Modularity is a universal requirement for large scale software and system design, where “a module is a unit whose structural elements are powerfully connected among themselves and relatively weakly connected to elements in other units.” Baldwin and Clark (1999). In addition to independence, good software architecture emphasises interchangability of modules, a clear understanding of the function of each module, and a unambiguous interface of how each module interacts with the larger system. In this paper, we demonstrate that widely adopted seq2seq models lack modularity, and introduce new ways of training these models with independent and interchangeable encoder and decoder modules that do not sacrifice overall system performance.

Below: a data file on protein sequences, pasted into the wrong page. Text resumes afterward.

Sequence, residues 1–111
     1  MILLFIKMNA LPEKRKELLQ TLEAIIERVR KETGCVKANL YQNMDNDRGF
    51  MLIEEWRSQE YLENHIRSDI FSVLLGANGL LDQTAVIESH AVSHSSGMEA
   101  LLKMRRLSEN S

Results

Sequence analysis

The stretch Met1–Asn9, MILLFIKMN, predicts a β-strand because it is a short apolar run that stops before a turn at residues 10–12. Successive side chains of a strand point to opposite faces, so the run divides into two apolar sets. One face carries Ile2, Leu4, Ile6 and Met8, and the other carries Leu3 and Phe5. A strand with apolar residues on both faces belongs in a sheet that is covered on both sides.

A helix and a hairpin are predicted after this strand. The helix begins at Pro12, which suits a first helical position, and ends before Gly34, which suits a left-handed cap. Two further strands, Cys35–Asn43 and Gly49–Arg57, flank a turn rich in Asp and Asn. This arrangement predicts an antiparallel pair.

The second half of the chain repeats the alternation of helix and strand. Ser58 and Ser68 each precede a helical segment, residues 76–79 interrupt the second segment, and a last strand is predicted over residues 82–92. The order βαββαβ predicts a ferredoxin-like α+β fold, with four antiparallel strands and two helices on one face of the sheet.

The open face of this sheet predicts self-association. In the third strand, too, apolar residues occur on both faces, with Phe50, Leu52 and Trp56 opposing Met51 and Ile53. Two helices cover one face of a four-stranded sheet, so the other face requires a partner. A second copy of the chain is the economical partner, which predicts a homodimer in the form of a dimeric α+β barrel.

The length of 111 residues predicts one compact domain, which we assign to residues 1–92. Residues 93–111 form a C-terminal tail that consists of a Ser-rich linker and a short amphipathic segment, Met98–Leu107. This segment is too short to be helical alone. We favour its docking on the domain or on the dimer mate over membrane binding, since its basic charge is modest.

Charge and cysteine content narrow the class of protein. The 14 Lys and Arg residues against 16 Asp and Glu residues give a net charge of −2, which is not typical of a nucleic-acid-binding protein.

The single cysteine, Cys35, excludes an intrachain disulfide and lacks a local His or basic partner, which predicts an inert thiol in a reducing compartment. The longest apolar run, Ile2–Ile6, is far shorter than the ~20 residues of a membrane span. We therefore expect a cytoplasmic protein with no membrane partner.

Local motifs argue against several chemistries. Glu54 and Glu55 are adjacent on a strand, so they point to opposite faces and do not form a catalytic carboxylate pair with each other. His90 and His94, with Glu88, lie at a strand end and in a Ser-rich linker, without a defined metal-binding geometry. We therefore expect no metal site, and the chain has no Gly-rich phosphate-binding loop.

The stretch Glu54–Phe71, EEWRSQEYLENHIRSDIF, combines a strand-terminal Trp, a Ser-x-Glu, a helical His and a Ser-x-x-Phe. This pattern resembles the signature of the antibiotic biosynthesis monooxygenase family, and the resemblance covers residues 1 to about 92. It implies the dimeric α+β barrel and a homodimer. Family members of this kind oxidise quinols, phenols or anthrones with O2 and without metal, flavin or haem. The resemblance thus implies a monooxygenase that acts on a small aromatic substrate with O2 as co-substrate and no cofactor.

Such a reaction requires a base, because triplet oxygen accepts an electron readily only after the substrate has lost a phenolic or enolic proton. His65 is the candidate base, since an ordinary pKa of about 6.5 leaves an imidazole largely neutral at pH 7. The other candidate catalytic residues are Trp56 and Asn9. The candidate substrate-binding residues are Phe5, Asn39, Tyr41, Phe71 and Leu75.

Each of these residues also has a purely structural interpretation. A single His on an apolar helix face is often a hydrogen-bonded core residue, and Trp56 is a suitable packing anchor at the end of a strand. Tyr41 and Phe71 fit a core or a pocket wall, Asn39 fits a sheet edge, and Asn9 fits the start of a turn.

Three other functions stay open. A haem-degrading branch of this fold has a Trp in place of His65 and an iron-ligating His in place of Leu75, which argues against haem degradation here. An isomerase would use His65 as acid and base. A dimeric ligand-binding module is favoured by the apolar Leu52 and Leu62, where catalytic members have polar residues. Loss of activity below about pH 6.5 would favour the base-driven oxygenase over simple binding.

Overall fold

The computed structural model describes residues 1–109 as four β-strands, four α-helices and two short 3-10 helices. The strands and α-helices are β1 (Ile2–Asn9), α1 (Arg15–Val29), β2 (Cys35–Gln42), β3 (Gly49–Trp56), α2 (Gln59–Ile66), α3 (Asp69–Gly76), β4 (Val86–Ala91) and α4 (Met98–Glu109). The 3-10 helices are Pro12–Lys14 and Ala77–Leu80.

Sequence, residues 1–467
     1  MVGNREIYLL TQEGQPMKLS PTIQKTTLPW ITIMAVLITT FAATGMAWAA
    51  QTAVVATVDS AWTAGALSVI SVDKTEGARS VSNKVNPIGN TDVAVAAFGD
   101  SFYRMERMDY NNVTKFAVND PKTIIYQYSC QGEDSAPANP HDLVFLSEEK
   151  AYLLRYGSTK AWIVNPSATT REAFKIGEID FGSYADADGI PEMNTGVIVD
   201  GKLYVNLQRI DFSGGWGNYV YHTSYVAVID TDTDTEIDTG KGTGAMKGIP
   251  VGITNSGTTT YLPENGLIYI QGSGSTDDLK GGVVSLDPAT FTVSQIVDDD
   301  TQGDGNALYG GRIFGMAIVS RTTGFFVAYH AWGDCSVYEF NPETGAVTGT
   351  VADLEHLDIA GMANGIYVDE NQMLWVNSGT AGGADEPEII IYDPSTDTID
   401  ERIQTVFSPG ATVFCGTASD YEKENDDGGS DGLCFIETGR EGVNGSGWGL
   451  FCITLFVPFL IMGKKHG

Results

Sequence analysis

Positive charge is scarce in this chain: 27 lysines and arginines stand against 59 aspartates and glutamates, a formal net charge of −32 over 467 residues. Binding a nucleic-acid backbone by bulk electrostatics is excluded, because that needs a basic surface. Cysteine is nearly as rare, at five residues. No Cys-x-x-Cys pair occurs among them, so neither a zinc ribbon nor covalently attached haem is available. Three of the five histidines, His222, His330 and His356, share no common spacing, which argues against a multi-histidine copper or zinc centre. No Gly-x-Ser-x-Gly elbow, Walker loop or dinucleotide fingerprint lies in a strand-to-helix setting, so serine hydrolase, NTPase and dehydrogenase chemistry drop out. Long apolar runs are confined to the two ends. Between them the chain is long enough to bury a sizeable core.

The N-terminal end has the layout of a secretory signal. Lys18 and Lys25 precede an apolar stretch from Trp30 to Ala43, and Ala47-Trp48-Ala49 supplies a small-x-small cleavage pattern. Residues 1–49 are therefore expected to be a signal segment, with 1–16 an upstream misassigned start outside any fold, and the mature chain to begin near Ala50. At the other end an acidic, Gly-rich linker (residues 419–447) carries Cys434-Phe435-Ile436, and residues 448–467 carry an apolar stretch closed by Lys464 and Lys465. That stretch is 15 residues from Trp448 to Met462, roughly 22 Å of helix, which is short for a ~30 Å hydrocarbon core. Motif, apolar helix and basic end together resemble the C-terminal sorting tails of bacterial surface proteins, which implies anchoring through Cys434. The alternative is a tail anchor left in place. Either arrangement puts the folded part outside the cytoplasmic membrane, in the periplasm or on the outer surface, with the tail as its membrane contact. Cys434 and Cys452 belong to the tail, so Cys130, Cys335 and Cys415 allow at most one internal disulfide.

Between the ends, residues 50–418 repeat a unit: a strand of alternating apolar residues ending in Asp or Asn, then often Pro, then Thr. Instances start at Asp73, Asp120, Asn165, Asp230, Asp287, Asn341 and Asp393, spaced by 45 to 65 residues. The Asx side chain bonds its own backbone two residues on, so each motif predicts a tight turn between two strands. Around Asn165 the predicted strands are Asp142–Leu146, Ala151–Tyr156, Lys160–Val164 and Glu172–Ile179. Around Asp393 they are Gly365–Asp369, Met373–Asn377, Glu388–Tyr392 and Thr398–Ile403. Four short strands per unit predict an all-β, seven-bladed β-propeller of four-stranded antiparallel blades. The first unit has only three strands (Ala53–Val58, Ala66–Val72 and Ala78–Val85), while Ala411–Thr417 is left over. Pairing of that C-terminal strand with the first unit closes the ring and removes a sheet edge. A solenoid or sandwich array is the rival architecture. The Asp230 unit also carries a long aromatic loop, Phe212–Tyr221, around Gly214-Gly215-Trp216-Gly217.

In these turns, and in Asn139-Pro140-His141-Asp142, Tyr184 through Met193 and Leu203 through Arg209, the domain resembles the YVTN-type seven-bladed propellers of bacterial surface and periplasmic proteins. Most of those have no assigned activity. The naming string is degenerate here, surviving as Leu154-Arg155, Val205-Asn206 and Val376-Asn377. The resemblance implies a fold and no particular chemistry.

Fully differentiable seq2seq models Chan et al. (2016); Bahdanau et al. (2016, 2015); Vaswani et al. (2017) play a critical role in a wide range of NLP and speech tasks, but fail to satisfy even very basic measures of modularity between the encoder and decoder components. The decoder cross-attention averages over the continuous output representations of the encoder and the parameters of both modules are jointly optimized through back propagation. This cause a tight coupling, and prevents a clear understanding of the function of each part. As we will show empirically, current seq2seq models lack modular interchangability, i.e. retraining a single model with different random seeds will cause the encoder and decoder modules to learn very different functions, so much so that interchanging them radically degrades overall model performance. Such tight coupling makes it difficult to measure the contributions of the individual modules or transfer components across different domains and tasks.